Mathematics has never been constrained by global boundaries, and over time has become even more internationally focused. In 2011, the Center for Mathematics at Notre Dame capitalized on this trend by hosting the University’s first international summer thematic program. During June 2017, the seventh consecutive program—which highlighted Kahler geometry—met a milestone with the attendance of its 1,000th participant.
“Through the end of the 19th century, it was conceivable for an individual mathematician to be in touch with all of mathematics. Now, the average number of authors per math paper is going up and you have to depend on other people,” said Jeffrey Diller, chair of the Department of Mathematics.
The summer programs, funded in part by the National Science Foundation, provide opportunities for topic experts around the world to come together to present their research and connect with their peers. Gabor Szekelyhidi, a professor of mathematics and an organizer of the 2017 conference, said, “The goal is to bring together people working on related problems. They can discuss progress in person and see if their ideas can help one another.”
Another important facet of the program is its international nature, with participants coming from 43 states and 34 countries. “Myself and the other organizers feel that the program represents well the diversity and strength of our subject,” said Anand Pillay, the William J. Hank Family Professor of Mathematics and an organizer for the 2016 conference on model theory.
The structure of the programs provides an avenue for student exploration. The first two weeks of the program consist of an undergraduate summer school and graduate student mini-courses on the chosen topic. “These two weeks are a tremendous opportunity for mathematics students from around the country to explore their interests,” said Claudia Polini, the Rev. John Cardinal O’Hara, C.S.C. Professor of Mathematics and a key organizer for the programs since its inception. Polini is a strong advocate of the programs’ advantages for Notre Dame mathematics students. “It’s a unique opportunity for our undergraduates and gives them a taste of what’s ahead. Additionally, it is very important for our graduate program because it complements our classes and provides an avenue to feed our graduate students in an area of interest.”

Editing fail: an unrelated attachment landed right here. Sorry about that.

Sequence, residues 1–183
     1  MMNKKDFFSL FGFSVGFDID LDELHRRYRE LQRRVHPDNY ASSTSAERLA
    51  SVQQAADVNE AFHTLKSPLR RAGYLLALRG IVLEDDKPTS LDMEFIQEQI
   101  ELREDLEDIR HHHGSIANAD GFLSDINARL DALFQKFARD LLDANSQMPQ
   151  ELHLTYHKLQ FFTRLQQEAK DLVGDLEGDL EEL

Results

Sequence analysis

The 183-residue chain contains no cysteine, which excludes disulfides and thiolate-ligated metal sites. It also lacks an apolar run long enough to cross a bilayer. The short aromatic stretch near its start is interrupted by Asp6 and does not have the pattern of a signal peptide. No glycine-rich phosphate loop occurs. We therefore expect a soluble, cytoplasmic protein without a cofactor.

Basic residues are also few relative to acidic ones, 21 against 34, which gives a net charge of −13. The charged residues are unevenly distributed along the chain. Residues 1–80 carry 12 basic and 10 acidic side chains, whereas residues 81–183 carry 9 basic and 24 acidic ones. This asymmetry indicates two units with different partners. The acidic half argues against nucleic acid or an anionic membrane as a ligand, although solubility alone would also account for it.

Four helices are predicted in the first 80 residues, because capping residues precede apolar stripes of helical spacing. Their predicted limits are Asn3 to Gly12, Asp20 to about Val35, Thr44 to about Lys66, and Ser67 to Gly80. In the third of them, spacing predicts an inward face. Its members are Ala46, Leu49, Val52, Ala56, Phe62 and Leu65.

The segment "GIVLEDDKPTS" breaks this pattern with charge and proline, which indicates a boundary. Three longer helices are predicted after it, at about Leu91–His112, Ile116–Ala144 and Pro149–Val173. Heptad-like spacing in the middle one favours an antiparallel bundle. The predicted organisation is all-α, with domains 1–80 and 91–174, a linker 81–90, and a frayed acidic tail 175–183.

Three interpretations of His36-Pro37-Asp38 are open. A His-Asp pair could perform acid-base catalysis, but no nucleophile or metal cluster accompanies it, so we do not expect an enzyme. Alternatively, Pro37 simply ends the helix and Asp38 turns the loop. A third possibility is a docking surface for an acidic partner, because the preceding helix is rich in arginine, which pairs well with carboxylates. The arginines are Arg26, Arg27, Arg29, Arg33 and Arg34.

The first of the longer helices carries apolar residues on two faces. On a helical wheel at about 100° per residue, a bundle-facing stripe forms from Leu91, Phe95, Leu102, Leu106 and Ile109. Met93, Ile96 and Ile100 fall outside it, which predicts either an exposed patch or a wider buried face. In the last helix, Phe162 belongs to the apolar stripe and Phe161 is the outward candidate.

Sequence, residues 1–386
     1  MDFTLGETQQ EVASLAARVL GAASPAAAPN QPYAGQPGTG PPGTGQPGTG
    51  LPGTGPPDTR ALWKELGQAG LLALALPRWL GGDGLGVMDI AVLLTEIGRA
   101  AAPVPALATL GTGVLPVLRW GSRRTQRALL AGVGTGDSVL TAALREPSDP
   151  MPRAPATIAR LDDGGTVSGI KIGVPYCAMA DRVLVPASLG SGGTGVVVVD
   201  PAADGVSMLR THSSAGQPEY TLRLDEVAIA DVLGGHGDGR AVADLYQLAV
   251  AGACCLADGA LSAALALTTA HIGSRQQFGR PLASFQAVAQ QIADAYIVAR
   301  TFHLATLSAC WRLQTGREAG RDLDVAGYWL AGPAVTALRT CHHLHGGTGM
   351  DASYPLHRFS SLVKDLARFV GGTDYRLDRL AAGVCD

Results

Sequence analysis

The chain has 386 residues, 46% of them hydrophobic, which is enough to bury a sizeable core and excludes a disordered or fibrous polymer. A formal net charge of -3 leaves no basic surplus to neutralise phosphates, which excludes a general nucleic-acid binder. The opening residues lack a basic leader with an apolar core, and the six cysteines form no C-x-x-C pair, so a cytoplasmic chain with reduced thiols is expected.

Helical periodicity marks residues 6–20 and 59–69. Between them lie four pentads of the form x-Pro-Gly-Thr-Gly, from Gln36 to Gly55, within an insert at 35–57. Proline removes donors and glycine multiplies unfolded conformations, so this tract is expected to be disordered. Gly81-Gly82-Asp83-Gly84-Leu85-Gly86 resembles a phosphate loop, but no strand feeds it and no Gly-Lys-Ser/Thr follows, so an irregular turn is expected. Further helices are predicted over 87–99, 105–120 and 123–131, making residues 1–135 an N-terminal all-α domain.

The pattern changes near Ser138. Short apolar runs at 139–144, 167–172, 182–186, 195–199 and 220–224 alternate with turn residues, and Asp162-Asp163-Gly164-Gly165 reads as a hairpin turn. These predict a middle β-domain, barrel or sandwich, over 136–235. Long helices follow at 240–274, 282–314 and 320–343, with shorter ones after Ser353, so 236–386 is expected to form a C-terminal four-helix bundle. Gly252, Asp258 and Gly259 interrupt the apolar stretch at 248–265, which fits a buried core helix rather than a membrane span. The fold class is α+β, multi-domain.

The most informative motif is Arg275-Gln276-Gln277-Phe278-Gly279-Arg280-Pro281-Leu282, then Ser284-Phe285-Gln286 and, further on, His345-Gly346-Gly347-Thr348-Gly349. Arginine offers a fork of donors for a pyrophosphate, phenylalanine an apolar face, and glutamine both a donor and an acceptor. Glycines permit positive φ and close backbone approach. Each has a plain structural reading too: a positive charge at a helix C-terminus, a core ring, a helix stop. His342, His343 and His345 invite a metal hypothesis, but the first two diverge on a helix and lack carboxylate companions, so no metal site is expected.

While participants may be coming to attend the high-level lectures, Diller said the greatest value comes in the face-to-face interaction. “What happens between the talks is the most important part. The social events and planned interaction create future collaboration opportunities and friendship.”
The 2018 program is being organized by Samuel R. Evens, mathematics professor at Notre Dame, Thomas Nevins, professor of mathematics at the University of Illinois–Urbana-Champaign, and Kevin McGerty, professor of mathematics at the University of Oxford. The topic will be geometric representation theory.
In 2019, the graduate segment of the program will be extended to two weeks in order to further foster discussion, group work, and presentations among young mathematicians.